DELUXE UNION CIVIL WAR FRAMED SET
Deluxe civil war union collectors set. The 18"x 7" Pine Wood Frame features a beautiful replica 1860 Army revolver designed and manufactured by Samuel Colt. The originals were was used by Union troops throughout the war between the states. Pistol is mounted on our spring load bullet hangers. Displayed with pistol are a replica engraving of Union troops at the Battle of First Manassas, a U.S. cap pin and brass identification plaque. Frame size 18" x 7" .
Replica M1860 CIVIL WAR ARMY REVOLVER
This legendary cap and ball revolver is full size (14") and weighs a hefty 2 lbs. 8 oz. The loading lever, hammer, trigger and cylinder action work like the rare expensive original. Manufactured with real wood grips, gun metal gray finish.
Pistol Overall: 14 " Barrel Length: 7 3/4"
Pistol Weight: 2 lbs 8oz Hangers: Brass Bullets
Insignia: US Union Cap Pin
Frame Size : 18"x7"
A beautiful addition to your collection, these historic collector Replica Non-Firing Guns are made of antique finished zinc cast metal and polished European hardwood. The barrels are of heavy cast metal and in most cases the screw heads are molded into the metal and cannot be removed. These collector models cannot withstand misuse or excessive dry-firing. Cannot be made to fire real ammunition. Your collector replica model flintlock comes pre-assembled and ready for display in your home or office.
Colt / Griswold and Gunnison Revolvers
The Colt Army Model 1860 .44 caliber was a streamlined version of the 1848 dragoon and weighed two pounds 11 ounces, less than half the weight of the dragoon. The Colt Army model is 14 inches long only slightly differing from the Navy Model which is one inch shorter. Colt replaced the octagonal barrel with a round barrel featuring internal rifling and the hinged loading lever with a new creeping lever in 1860. The Union purchased over 107,000 of the revolvers between 1861 and 1863 with a price tag of $13.75 each. That price made the Colt Army Revolver far more expensive than those made by Remington or Starr. The high cost coupled with the death of Colt in 1862 caused government orders to cease after November 1863.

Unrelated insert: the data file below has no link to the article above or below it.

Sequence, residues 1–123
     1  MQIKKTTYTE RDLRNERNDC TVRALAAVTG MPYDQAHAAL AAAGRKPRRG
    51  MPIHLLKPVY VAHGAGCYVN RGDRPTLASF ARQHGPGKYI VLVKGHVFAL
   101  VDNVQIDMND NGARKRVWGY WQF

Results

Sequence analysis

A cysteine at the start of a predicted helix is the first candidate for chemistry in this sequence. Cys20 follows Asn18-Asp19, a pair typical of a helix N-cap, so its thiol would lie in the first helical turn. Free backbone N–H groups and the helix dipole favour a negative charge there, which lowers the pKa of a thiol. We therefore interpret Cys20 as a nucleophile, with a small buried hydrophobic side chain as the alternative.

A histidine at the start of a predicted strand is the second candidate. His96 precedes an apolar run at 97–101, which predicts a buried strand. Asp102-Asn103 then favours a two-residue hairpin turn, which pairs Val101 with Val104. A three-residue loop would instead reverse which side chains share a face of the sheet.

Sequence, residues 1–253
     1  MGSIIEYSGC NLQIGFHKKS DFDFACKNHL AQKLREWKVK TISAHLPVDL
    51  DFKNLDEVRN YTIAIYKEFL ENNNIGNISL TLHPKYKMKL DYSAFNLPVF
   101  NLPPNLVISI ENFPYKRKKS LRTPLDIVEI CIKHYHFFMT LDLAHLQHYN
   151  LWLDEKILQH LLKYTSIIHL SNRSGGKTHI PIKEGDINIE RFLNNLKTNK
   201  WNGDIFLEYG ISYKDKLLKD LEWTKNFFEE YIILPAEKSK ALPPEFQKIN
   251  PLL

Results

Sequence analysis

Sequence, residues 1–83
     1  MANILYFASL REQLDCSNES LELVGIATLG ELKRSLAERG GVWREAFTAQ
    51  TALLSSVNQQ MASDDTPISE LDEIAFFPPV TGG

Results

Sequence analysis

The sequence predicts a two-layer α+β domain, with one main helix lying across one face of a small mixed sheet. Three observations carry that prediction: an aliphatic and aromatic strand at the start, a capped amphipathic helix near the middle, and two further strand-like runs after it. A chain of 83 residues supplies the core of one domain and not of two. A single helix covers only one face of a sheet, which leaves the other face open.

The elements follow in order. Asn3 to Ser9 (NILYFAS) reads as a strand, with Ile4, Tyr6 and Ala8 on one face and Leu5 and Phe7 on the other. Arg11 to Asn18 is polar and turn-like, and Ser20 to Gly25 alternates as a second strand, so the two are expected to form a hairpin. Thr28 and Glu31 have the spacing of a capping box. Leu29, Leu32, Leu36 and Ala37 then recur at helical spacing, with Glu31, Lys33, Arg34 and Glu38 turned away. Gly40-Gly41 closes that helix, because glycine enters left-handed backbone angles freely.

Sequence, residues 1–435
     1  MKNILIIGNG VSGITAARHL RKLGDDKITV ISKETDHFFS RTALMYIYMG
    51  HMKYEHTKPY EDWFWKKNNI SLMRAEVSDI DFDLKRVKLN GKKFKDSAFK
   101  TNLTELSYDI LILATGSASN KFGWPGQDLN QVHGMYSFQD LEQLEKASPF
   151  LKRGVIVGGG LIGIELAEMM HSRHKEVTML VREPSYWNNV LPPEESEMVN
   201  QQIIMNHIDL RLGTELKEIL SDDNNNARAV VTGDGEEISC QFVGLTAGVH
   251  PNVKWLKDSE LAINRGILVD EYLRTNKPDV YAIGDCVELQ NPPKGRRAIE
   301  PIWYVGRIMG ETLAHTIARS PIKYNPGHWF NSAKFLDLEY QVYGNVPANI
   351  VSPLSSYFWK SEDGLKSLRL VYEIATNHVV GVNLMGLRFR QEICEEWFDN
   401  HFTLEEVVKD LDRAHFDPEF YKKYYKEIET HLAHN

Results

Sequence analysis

The Confederate government gave interest free loans and lucrative contracts to encourage a number of entrepreneurs to begin making sidearms for the army. Griswold and Gunnison were one of only three manufacturers of pistols who took advantage of those incentives and the only company to achieve any degree of success in the South. In 1862, the Confederate Ordnance Department selected Griswold and Gunnison to make all the pistols they possibly could.
Griswold operated a cotton gin factory in Georgia before the war so he and Gunnison set up their manufacturing operation there. Their pistols were almost exact replicas of the Colt .36 caliber Navy pistol. The main differences between the two pistols were the brass frame instead of steel and a round barrel. The Confederate army used brass because of a shortage of suitable metals. The pistols were of good quality but the company was only able to make 3,600 pistols during its three year existence. The revolvers were sold to the Southern army for an astounding price of $40.00 each. The factory was destroyed by Gen. Sherman in 1864. Today, only a few of these pistols remain.